Efforts to monitor herd numbers and composition were concentrated on spring range in the Upper Klamath Basin, where elk could be observed grazing in pastures without disturbing them. During April - May 1985, prior to calving season, elk were counted each morning between 0530 and 0700 by driving a fixed route along pasture perimeters. The survey route originated at the USFS Seven Mile Guard Station, proceeded east on Seven Mile Road to Highway 62 and northwest on highway 62 to USFS Road 3227. All observed elk were classed as calves (<1 year old), adult females (>1 year old), yearling males (spike antlers) or adult males (branched-antlered males). No special efforts were made to obtain visual contacts with elk during the remainder of the year, because dense vegetation generally obscured portions of the herds, and because it was felt that associated disturbance factors would bias habitat use patterns. Nonetheless, all incidentally observed elk were classified throughout the study, which yielded some supplemental information on population characteristics.

Seasonal Movements and Home Range

Home range is the area used by an animal to obtain necessary nutrients. shelter and security requirements, as well as potential mates and areas for reproduction. These resources are obtained either within a single annual home range or, as was the case in this study, among several sequentially used seasonal home ranges connected by migratory pathways.

Home ranges of radio-collared elk were delimited for each seasonal period using the harmonic mean method (Dixon and Chapman 1980). The harmonic mean home range method generates contour intervals that encompass specified percentages of the spatial distribution patterns of animals. For this analysis, seasonal home ranges were based on contours that encompassed 80% of the probability distribution of all elk locations. Home ranges were based on composited locations of all radio-collared elk to provide an overview of the population distribution patterns. All maps of elk home ranges were generated using MCPAAL software for IBM-compatible microcomputers (Stuwe and Blohowiak, undated).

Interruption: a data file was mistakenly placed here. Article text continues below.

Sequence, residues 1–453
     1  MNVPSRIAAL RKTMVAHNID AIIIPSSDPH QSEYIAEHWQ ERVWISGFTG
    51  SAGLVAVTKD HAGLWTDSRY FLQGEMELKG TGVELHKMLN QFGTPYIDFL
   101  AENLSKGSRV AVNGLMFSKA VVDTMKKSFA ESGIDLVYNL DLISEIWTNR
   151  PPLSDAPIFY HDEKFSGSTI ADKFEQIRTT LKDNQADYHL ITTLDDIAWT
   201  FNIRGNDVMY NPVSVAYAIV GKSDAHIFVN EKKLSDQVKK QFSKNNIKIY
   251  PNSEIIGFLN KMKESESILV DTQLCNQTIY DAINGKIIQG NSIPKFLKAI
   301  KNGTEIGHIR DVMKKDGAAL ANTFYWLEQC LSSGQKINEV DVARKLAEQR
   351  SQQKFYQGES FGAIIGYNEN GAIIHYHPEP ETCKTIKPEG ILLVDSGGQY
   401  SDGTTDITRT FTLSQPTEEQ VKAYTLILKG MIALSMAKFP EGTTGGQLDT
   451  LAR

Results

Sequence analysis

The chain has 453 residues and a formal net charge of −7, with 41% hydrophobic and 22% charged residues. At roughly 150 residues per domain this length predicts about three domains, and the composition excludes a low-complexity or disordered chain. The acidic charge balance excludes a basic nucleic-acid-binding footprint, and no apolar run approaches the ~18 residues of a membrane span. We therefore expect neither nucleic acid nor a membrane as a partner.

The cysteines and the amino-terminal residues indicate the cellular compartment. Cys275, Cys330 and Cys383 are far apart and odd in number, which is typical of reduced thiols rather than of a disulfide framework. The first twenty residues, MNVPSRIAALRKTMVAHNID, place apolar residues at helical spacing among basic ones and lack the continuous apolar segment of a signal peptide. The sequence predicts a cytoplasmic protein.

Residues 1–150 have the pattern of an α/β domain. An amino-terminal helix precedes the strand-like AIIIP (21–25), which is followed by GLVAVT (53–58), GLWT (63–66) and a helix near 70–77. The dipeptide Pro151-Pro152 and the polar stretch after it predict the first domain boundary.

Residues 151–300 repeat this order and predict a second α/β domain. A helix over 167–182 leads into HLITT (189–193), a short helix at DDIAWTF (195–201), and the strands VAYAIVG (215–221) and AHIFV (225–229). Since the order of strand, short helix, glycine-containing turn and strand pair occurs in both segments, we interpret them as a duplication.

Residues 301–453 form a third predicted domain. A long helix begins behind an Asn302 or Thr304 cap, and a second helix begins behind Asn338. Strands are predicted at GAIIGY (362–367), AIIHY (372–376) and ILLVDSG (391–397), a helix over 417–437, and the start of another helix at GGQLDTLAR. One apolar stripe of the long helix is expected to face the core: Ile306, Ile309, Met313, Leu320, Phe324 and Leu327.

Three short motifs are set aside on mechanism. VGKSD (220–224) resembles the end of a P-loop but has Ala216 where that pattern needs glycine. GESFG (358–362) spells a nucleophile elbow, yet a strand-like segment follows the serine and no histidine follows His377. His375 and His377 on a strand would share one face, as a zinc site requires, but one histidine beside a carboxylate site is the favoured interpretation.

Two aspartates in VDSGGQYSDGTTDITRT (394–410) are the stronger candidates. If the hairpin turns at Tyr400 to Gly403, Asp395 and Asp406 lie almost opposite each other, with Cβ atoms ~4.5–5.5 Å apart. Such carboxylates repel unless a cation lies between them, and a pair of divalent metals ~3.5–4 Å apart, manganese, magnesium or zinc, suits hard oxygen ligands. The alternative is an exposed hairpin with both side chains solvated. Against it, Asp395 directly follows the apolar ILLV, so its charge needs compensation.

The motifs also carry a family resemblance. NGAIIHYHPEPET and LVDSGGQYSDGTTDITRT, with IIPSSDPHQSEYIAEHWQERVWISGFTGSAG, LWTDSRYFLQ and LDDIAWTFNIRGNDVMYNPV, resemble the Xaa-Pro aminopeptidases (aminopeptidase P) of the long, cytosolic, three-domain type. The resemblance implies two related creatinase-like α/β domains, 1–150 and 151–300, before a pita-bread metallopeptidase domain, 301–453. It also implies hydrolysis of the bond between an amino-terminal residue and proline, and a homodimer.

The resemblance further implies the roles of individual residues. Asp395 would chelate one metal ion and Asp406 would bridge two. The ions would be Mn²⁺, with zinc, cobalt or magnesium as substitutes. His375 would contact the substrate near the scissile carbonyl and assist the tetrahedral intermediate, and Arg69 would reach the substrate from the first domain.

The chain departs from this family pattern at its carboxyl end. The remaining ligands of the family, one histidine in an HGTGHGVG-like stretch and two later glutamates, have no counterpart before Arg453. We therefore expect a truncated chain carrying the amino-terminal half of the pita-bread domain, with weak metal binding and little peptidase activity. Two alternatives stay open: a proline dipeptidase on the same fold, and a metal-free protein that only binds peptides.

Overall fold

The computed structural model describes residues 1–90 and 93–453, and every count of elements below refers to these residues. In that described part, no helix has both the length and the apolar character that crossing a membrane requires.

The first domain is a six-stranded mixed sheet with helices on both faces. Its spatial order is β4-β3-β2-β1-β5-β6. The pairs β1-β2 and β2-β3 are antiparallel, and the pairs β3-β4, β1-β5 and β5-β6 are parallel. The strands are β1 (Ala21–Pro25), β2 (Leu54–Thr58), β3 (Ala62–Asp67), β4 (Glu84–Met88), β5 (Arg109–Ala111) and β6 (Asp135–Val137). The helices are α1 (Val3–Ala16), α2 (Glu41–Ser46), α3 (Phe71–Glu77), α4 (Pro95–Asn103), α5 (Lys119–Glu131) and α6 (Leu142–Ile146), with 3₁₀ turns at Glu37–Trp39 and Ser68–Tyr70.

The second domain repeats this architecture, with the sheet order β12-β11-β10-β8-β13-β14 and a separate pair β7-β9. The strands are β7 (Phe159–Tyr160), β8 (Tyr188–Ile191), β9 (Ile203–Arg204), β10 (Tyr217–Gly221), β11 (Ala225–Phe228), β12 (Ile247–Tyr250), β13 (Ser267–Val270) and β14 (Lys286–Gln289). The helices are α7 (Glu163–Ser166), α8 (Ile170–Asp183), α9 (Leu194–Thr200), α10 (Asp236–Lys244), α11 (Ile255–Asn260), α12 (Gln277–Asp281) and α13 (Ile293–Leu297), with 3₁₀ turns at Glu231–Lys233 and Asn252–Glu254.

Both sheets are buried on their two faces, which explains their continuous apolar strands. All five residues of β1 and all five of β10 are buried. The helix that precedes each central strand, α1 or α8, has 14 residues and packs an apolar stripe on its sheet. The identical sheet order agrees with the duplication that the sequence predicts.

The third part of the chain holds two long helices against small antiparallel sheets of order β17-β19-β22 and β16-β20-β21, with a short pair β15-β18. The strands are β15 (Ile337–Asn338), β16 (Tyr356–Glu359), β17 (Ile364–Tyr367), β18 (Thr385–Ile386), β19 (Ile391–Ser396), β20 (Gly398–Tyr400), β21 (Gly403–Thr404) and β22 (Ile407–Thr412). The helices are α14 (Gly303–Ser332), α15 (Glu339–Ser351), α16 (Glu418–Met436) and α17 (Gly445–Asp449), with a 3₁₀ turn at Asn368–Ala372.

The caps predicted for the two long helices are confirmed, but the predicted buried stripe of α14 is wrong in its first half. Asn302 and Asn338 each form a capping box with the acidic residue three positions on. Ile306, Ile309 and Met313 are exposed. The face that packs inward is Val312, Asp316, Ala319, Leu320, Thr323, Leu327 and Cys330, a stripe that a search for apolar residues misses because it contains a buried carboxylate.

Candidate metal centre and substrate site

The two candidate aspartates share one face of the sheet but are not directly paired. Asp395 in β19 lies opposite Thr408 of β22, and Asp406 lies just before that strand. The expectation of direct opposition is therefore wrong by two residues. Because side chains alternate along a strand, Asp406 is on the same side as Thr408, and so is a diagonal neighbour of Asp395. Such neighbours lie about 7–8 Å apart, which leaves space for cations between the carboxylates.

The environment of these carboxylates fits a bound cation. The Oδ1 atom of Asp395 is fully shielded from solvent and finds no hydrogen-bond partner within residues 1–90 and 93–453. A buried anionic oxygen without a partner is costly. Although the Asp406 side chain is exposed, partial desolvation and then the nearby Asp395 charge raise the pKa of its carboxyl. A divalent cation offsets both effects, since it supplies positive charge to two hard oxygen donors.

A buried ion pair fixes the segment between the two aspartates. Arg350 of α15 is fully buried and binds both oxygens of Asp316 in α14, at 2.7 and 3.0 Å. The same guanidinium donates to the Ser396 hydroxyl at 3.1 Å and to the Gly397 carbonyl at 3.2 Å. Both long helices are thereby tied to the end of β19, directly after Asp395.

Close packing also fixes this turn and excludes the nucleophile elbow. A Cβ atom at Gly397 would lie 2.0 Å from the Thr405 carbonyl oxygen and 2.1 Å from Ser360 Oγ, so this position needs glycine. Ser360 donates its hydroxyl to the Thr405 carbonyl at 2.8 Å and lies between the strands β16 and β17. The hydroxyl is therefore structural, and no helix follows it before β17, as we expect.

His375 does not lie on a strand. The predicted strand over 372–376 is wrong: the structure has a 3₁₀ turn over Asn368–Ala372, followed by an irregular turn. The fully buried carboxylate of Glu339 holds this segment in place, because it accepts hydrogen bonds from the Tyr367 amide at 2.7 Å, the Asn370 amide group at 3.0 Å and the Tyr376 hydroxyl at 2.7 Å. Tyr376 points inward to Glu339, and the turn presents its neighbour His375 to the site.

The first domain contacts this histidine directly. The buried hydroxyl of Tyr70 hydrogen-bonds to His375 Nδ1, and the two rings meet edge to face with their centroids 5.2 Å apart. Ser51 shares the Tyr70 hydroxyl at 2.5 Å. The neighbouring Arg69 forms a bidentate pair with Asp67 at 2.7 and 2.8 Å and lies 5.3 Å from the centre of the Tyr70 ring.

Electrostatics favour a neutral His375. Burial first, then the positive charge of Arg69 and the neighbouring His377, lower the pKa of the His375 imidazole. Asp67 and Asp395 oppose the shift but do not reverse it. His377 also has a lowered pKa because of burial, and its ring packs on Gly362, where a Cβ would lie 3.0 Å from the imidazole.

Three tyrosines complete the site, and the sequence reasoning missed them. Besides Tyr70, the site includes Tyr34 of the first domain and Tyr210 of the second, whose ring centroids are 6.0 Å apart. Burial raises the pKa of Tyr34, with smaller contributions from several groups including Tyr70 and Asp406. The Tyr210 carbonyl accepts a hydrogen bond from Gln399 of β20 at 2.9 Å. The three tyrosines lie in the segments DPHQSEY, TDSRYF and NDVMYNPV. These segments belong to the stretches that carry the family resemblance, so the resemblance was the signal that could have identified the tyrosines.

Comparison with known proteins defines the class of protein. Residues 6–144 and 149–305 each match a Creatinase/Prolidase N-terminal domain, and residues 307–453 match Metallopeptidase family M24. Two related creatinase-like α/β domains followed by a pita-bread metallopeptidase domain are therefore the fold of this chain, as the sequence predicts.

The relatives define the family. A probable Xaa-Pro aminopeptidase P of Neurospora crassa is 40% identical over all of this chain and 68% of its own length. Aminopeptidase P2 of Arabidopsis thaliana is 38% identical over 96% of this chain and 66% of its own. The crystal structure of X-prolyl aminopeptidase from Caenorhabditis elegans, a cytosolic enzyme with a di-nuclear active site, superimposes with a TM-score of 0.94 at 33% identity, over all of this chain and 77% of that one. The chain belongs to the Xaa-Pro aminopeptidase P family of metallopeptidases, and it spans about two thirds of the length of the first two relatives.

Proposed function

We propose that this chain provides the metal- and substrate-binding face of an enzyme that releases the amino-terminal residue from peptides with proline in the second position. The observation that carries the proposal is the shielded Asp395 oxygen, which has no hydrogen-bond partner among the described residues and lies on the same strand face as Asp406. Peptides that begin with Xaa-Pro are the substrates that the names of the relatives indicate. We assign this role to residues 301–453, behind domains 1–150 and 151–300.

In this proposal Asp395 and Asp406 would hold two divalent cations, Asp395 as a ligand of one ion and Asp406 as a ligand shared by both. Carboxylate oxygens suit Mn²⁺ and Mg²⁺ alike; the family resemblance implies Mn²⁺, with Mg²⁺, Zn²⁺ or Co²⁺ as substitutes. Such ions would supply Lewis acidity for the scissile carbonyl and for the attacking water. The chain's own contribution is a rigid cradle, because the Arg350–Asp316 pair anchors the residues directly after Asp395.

Habitat Use Patterns

Elk habitat use was evaluated by season to determine vegetation characteristics that were used by radio-collared elk significantly more (i.e., preference) or less (i.e., avoidance) than random use. The analyses of vegetation types used by elk varied among the three seasonal ranges, reflecting differences in vegetation maps available for the areas. On the summer ranges within CRLA, vegetation had been classified and mapped according to dominant overstory tree species (Walsh 1977). On spring ranges of the Winema National Forest, stands were mapped according to dominant overstory species, stand size-classes, and densities. On winter ranges of the Rogue River National Forest, vegetation had been mapped according to designated elk habitat components and tree size-classes. Elk habitat components on winter range included foraging areas (<60% shrub or tree overstory closure), hiding cover (vegetation capable of hiding 90% of a standing elk at 200 feet), thermal cover (overstory >40 feet tall and >70 feet enclosure), and optimal cover (dominant trees >21" dbh and >70% crown closure. Additional descriptions of elk habitat components are provided by Witmer et al. (1985).

Vegetation preferences (or avoidance) were determined by comparing use by elk of each of those vegetation classes to their availability within the seasonal composite home range. Seasonal use was determined as the proportion of pooled telemetry locations that fell within a vegetation class. Availability was determined as the proportion of a composite home range area occupied by each vegetation class. Land areas used to estimate availabilities of vegetation classes were measured directly from vegetation maps using a digital planimeter. Use of vegetation classes by elk that was significantly greater or less than availability was detected using Bonferroni z-tests for equality of proportions (Neu et al. 1974). Experiment-wise error rates for multiple comparisons were controlled at p <10.

Last Updated: 11-Aug-2016